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Madeleine Leininger’s Transcultural Nursing Theory Critique

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Critique of Madeleine Leininger’s Transcultural Nursing Theory
Introduction
This paper is an analysis and critique of a published nursing philosophy
and theory by the nurse theorist Madeleine Leininger. The analysis is based on
Leininger's publications about her theory starting in the mid-1950's with her major
contribution stemming from her second book, Transcultural Nursing: Concepts,
Theories, Research, and Practice in 1978. The model utilizes a two-step process to
evaluate theories called theory description and critical reflection. Theory
description consists of purpose, concepts, definitions, relationships, structure, and
assumptions. Critical reflection analyzes the purpose of the theory utilizing a
series of questions. This model will be used to critique one of the oldest theories
in nursing.
Purpose
Transcultural Nursing Theory discovers and explains the culturally based
care factors that influence health, well-being, illness, and death of each individual
or community. The purpose and goal of the transcultural nursing theory is to
provide culturally congruent, safe, and meaningful care to clients of diverse or
similar cultures. Leininger has established a theory that studies cultures to
understand their differences and similarities. Cultural competence is important
within the nursing profession due to the differences in each individual's
perception of illness and wellness. An individual's health beliefs and practices are
linked by his/her culture. Each individual or community should be treated
differently from the rest and that personal uniqueness should always be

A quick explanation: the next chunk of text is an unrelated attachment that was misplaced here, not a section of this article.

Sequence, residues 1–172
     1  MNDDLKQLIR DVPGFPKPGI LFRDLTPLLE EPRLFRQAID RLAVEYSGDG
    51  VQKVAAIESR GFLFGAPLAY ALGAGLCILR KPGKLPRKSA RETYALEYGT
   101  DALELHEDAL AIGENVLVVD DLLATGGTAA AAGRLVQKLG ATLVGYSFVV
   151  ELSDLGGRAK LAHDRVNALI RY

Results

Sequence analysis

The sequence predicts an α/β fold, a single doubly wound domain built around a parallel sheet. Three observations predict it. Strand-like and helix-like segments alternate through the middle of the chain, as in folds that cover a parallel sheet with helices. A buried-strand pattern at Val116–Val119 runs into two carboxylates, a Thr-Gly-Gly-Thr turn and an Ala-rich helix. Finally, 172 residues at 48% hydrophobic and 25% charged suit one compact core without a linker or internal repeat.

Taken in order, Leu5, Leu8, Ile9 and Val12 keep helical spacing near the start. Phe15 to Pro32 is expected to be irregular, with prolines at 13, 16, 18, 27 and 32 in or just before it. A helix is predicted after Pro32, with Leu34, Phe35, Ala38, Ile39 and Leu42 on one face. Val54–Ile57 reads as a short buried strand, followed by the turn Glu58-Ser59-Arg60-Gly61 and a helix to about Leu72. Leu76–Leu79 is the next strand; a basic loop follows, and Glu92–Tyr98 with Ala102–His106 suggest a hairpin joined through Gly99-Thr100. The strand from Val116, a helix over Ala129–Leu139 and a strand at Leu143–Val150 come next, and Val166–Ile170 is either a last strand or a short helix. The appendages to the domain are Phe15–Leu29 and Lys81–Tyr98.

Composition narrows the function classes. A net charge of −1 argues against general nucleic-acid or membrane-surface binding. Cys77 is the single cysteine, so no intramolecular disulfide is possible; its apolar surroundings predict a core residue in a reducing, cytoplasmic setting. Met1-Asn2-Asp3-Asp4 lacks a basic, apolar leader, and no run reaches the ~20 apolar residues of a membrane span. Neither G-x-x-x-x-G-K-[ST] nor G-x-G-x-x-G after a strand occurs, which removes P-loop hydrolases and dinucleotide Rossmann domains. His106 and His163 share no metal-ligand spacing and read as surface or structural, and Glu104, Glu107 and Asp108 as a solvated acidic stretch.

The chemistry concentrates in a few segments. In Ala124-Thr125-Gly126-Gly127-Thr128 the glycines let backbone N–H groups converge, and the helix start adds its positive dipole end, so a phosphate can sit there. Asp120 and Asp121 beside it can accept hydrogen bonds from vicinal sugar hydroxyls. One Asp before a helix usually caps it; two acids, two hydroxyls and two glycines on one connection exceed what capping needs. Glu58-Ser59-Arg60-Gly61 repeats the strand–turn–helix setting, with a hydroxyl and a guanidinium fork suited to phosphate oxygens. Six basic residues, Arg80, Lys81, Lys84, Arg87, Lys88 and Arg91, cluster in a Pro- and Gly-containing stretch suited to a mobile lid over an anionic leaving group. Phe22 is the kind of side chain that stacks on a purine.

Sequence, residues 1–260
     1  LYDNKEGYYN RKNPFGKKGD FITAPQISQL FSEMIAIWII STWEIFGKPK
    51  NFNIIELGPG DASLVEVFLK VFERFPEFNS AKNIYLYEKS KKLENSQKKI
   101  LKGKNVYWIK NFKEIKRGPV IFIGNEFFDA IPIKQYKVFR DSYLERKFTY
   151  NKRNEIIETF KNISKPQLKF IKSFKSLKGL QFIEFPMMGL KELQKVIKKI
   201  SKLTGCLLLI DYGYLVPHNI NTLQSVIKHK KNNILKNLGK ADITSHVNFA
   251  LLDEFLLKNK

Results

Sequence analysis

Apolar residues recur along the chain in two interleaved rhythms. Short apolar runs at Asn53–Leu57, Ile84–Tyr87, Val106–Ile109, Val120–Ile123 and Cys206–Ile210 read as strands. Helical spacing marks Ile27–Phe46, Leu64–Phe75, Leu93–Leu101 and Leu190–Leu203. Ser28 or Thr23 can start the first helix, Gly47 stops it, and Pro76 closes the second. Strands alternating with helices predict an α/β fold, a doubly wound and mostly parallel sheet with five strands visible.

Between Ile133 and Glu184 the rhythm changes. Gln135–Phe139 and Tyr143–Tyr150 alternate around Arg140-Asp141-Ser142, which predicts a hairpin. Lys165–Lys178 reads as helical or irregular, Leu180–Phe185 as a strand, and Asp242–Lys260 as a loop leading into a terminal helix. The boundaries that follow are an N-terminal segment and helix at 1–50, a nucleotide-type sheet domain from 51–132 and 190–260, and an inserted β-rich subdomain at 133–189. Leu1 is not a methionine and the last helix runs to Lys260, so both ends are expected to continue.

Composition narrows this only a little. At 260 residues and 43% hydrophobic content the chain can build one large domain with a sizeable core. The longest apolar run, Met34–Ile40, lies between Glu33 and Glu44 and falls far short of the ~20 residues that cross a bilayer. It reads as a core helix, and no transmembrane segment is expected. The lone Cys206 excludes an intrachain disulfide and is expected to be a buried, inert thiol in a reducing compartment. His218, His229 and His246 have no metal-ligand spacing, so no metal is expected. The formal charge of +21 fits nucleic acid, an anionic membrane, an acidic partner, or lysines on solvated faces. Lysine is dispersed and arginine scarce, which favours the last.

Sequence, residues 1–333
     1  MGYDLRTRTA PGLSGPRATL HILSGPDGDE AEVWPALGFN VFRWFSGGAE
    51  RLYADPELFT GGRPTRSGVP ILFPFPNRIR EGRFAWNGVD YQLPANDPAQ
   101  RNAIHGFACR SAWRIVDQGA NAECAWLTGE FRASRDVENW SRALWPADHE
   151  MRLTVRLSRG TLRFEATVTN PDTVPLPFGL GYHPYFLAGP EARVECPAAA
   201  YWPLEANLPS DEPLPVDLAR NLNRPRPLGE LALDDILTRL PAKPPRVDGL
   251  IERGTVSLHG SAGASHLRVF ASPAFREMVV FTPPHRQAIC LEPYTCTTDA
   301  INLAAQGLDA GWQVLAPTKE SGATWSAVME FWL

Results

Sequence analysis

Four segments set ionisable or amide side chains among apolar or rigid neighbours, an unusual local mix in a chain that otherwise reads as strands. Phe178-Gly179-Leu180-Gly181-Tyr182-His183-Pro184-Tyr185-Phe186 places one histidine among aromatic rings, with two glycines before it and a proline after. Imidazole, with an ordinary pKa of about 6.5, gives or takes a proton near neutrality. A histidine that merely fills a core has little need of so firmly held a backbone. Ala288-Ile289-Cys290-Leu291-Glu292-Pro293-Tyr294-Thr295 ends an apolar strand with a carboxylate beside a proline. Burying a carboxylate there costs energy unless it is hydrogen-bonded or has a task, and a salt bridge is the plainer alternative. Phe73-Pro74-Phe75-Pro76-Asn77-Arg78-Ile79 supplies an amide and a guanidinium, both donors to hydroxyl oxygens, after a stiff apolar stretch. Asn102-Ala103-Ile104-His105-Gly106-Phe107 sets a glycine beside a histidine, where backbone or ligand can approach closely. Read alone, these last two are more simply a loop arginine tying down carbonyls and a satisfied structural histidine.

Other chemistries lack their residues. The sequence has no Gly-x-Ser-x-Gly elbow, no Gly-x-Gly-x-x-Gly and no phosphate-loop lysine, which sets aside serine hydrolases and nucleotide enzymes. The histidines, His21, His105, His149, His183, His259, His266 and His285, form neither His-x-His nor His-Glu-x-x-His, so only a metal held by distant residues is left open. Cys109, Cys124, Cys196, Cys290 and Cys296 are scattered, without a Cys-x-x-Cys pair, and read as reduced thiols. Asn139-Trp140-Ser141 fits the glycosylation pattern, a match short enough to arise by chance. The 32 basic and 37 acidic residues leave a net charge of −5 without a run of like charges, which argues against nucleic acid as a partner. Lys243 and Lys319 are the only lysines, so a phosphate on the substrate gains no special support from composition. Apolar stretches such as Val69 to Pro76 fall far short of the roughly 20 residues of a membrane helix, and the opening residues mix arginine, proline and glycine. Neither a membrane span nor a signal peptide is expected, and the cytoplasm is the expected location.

considered. This belief stems from Leininger's personal belief in "God's creative
and caring ways."
Concepts & Definitions
Transcultural theory uses the concepts of culture, race, and ethnicity to
understand human behavior. "Culture influences all spheres of human life. It
defines health, illness, and the search for relief from disease or distress.” Culture
is defined as a set of beliefs, values, and assumptions about life that are widely
held among a group of people and that are transmitted across generations. All
cultures are not alike, and all individuals within a culture are not alike. Each
person should be viewed as a unique human being with differences that are
respected. Individuals may be of the same race, but of different cultures. Race is
defined as a social classification that relies on physical markers such as skin color
to identify group membership. Many nurses overlook cultural differences of
individuals due to their similar racial characteristics. Race is considered one of the

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identifying characteristics of a culture, and this identifying characteristic
represents an ethnicity. Ethnicity is defined as a cultural membership that is based
on individuals sharing similar cultural patterns that, over time, create a common
history that is resistant to change.
Cultural competence is an important factor in nursing. Culturally
competent care is provided not only to individuals of racial or ethnic minority
groups, but also to groups that vary by age, religion, socioeconomic status or
sexual orientation. Cultural competence is defined as a combination of culturally
congruent behaviors, practice attitudes, and policies that allow nurses to work